A Word to Fathers
In Roman society, a father’s power was all-prevailing. As William Barclay wrote, “A Roman father had absolute power over his family … He could bind or beat his son; he could sell him into slavery; and he even had the right to execute him … If ever a people knew what parental discipline was, the Romans did.”
Notice, then, that here Paul is not simply calling for the exercise of parental authority. Rather, he is both assuming its rightfulness and tempering it. His instruction is first negative: “Do not provoke your children to anger.” He urges fathers to exercise restraint in disciplining their children, lest they do more harm than good by exasperating them or causing them to become discouraged, resentful, or angry.
How might we provoke our children to anger? Through selfishness, severity, inconsistency, unreasonableness, favoritism, nagging, fault-finding, failure to appreciate progress… Yet such a daunting list shouldn’t discourage us; instead, it should remind us that this responsibility is entirely beyond us apart from God’s grace.
And yet Paul’s instruction is not only negative but also positive. The verb “bring them up” can also mean “nourish.” There is something horticultural about it—a reminder not only that we are to rear our children tenderly but also that doing so is no momentary task; rather, it’s a journey over many years. At the same time, this nourishment involves “discipline”—namely, the discipline of Scripture, by which the father himself is conformed to the image of Christ—and “instruction,” which involves gently bringing God’s word to bear upon our children’s minds so that their character is actually transformed.
If you are a parent, how can you accomplish such a task? It takes grace. It also takes patience. In stock-market terms, parenthood is not day trading; it’s long-term investing. It’s amazing how a monstrous four-year-old who is constantly treated with godly love and discipline can become a thoughtful and loving young adult by her late teens. So if you are not a parent, pray for those who are. They need it! And if you are a parent, consider your own approach. How are you establishing parental authority in the home? In what ways are you most in danger of provoking your children as you do so? How will you instruct your children in God’s word, and how can you see your own character being formed into Christlikeness through the experience of parenthood? In all this, remember that parenting is an act of grace. We are to discharge our responsibilities faithfully. But you will be crushed if you do not remember that grace is sufficient to overcome any and every mistake—a truth to build you up and keep you on your knees!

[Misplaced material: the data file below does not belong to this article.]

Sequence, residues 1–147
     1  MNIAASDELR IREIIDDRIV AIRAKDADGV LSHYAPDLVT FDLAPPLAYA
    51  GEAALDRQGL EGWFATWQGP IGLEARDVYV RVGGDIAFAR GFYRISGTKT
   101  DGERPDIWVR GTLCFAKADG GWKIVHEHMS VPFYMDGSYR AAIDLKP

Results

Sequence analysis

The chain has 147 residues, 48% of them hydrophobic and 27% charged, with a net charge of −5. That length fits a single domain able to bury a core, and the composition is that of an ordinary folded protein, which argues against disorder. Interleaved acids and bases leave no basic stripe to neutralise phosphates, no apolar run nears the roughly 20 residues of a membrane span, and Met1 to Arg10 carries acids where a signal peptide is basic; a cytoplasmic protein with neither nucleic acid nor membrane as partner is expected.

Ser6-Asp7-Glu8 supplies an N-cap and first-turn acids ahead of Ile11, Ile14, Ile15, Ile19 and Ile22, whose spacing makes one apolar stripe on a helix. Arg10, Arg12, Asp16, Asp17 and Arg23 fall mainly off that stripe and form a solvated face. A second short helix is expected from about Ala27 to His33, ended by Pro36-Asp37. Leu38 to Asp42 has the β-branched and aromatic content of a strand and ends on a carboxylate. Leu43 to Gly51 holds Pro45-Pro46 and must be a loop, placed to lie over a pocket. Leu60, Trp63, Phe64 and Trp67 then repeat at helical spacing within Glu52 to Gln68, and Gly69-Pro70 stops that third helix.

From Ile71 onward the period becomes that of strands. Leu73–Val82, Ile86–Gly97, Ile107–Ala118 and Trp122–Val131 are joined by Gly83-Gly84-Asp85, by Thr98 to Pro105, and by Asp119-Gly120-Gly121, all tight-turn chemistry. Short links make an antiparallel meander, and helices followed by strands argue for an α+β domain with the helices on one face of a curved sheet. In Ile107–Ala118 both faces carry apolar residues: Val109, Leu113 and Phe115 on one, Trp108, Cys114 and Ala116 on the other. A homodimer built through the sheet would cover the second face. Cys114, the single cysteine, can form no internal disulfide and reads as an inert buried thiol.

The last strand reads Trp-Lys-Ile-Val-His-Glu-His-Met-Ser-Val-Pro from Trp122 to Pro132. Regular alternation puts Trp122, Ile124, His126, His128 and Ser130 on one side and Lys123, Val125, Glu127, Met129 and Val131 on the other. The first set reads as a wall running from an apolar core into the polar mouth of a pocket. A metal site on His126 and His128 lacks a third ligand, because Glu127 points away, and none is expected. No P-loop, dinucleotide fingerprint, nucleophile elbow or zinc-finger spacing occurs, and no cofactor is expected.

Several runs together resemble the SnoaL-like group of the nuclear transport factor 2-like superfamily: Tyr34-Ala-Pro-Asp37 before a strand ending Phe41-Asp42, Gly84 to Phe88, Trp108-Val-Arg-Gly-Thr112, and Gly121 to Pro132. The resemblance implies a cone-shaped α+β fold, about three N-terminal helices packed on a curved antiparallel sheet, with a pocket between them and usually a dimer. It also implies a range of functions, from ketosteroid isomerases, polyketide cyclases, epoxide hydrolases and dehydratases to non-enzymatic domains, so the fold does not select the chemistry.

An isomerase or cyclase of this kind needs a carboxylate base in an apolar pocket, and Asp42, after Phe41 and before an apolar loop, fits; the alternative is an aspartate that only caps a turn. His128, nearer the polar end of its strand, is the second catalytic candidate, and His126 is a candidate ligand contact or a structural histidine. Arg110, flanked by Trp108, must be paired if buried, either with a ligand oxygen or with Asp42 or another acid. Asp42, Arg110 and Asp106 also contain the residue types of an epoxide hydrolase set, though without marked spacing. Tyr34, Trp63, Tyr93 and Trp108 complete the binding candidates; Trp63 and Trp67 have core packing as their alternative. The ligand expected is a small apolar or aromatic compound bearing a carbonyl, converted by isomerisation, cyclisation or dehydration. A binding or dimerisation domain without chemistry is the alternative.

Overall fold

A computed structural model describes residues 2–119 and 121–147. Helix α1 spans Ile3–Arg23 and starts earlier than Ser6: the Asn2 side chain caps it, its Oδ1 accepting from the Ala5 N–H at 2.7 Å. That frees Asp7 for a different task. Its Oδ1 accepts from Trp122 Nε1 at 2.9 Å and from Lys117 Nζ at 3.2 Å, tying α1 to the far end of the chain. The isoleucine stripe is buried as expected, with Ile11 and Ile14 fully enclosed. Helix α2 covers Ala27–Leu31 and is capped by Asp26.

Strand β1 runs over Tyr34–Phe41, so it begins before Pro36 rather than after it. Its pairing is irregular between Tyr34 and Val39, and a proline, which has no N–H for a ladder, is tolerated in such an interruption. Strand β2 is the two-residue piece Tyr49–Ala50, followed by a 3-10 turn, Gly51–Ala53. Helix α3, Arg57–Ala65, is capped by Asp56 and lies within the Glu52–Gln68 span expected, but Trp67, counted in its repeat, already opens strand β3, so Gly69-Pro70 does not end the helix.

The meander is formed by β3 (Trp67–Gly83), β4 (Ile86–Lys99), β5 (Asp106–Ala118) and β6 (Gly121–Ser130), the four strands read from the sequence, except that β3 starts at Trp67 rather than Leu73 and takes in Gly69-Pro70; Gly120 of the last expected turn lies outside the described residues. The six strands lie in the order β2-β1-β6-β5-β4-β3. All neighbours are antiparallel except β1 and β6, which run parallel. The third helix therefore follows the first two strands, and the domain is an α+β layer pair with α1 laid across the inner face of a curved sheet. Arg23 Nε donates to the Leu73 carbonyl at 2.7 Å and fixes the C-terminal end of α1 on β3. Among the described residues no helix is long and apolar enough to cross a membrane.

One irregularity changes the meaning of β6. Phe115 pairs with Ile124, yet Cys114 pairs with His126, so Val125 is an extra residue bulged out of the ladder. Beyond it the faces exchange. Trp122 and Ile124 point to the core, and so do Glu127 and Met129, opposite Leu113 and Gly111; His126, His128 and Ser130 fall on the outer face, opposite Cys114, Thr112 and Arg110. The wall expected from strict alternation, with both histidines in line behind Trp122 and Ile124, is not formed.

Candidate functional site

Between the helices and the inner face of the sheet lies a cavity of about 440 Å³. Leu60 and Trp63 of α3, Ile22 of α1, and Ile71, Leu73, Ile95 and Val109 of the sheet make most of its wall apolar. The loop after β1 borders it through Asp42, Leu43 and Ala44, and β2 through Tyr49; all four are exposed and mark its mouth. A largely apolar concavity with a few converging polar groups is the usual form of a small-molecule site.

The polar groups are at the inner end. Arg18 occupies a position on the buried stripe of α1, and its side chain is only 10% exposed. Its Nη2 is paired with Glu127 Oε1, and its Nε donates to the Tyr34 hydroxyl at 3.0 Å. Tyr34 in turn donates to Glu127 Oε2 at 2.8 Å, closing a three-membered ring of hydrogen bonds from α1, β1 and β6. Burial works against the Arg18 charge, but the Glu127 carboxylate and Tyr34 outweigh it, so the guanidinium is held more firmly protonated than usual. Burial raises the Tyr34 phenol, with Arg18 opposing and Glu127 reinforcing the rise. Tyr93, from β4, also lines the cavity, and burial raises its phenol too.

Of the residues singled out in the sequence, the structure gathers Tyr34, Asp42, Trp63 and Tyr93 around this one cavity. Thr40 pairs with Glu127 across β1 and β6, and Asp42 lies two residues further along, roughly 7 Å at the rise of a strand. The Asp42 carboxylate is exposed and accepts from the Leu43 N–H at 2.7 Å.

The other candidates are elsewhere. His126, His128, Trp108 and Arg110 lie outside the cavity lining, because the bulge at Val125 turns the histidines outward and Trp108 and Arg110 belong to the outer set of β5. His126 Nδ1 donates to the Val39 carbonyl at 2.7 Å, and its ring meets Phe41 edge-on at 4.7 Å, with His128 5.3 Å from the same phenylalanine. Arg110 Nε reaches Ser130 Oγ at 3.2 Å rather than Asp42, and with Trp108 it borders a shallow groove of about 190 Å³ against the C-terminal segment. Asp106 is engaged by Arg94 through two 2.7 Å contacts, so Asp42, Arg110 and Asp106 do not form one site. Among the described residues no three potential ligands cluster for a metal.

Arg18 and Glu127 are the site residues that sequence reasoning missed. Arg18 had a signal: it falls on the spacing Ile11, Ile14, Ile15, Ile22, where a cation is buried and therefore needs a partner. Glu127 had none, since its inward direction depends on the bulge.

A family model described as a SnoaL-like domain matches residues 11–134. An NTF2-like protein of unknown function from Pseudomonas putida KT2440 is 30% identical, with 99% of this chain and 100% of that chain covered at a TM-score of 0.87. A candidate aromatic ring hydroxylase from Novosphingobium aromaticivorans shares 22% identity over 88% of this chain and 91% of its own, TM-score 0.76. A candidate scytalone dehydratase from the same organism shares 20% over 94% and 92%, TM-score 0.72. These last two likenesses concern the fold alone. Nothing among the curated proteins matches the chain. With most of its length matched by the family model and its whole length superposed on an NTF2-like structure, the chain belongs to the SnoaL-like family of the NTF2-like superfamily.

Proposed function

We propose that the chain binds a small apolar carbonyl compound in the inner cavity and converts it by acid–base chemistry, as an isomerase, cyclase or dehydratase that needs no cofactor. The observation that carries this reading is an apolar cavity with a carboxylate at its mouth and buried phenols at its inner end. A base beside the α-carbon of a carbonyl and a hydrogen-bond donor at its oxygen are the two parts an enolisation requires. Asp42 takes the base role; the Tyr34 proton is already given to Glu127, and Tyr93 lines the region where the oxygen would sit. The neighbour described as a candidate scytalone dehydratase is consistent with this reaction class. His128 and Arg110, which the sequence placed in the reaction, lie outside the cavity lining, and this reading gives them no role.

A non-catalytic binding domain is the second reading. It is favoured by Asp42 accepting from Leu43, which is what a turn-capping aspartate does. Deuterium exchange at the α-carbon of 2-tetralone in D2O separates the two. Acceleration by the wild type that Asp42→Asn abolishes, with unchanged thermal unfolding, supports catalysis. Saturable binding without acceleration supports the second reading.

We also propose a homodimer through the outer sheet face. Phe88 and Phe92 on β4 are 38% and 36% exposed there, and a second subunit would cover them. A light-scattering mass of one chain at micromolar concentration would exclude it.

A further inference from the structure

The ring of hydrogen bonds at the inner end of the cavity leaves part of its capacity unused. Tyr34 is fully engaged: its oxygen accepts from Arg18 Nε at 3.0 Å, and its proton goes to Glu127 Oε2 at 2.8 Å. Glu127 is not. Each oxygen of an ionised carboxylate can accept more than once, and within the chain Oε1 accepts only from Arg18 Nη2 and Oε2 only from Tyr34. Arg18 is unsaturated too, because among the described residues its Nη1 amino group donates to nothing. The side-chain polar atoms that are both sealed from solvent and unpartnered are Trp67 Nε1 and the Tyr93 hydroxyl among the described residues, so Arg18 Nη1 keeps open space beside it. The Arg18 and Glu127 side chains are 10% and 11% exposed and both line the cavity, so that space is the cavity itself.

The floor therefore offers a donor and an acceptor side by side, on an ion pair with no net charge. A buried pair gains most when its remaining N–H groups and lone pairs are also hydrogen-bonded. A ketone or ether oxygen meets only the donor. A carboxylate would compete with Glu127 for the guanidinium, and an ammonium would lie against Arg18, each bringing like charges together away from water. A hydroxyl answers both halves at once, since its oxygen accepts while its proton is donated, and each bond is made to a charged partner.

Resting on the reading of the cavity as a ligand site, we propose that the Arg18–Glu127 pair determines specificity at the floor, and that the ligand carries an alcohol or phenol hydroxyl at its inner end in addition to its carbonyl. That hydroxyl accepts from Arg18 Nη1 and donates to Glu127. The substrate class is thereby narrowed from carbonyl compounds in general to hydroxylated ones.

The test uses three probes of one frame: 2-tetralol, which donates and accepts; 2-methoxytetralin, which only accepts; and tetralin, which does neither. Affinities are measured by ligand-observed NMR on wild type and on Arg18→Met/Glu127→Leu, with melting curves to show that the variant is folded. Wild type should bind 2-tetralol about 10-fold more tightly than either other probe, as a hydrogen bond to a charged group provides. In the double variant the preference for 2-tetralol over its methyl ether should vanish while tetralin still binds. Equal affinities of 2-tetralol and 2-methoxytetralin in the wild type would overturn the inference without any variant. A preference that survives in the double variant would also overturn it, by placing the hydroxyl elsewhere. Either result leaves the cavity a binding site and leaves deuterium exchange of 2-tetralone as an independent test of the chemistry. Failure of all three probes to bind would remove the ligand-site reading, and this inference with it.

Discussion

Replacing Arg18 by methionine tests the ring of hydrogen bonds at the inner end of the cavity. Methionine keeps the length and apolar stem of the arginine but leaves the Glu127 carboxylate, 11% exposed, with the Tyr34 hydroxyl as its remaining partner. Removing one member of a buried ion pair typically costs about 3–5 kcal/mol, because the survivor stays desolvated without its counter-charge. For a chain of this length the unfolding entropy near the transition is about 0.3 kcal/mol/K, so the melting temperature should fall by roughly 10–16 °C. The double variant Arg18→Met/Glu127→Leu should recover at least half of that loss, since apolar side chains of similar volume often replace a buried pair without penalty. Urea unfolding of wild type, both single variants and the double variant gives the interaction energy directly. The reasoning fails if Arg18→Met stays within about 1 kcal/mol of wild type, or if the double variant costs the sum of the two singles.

The Greatest Commandment
1“Now this is the commandment—the statutes and the rules1—that the Lord your God commanded me to teach you, that you may do them in the land to which you are going over, to possess it, 2that you may fear the Lord your God, you and your son and your son's son, by keeping all his statutes and his commandments, which I command you, all the days of your life, and that your days may be long. 3Hear therefore, O Israel, and be careful to do them, that it may go well with you, and that you may multiply greatly, as the Lord, the God of your fathers, has promised you, in a land flowing with milk and honey.
4“Hear, O Israel: The Lord our God, the Lord is one.2 5You shall love the Lord your God with all your heart and with all your soul and with all your might. 6And these words that I command you today shall be on your heart. 7You shall teach them diligently to your children, and shall talk of them when you sit in your house, and when you walk by the way, and when you lie down, and when you rise. 8You shall bind them as a sign on your hand, and they shall be as frontlets between your eyes. 9You shall write them on the doorposts of your house and on your gates.
10“And when the Lord your God brings you into the land that he swore to your fathers, to Abraham, to Isaac, and to Jacob, to give you—with great and good cities that you did not build, 11and houses full of all good things that you did not fill, and cisterns that you did not dig, and vineyards and olive trees that you did not plant—and when you eat and are full, 12then take care lest you forget the Lord, who brought you out of the land of Egypt, out of the house of slavery. 13It is the Lord your God you shall fear. Him you shall serve and by his name you shall swear. 14You shall not go after other gods, the gods of the peoples who are around you— 15for the Lord your God in your midst is a jealous God—lest the anger of the Lord your God be kindled against you, and he destroy you from off the face of the earth.
Get the Program, Devotional, and Bible Reading Plan delivered daily right to your inbox.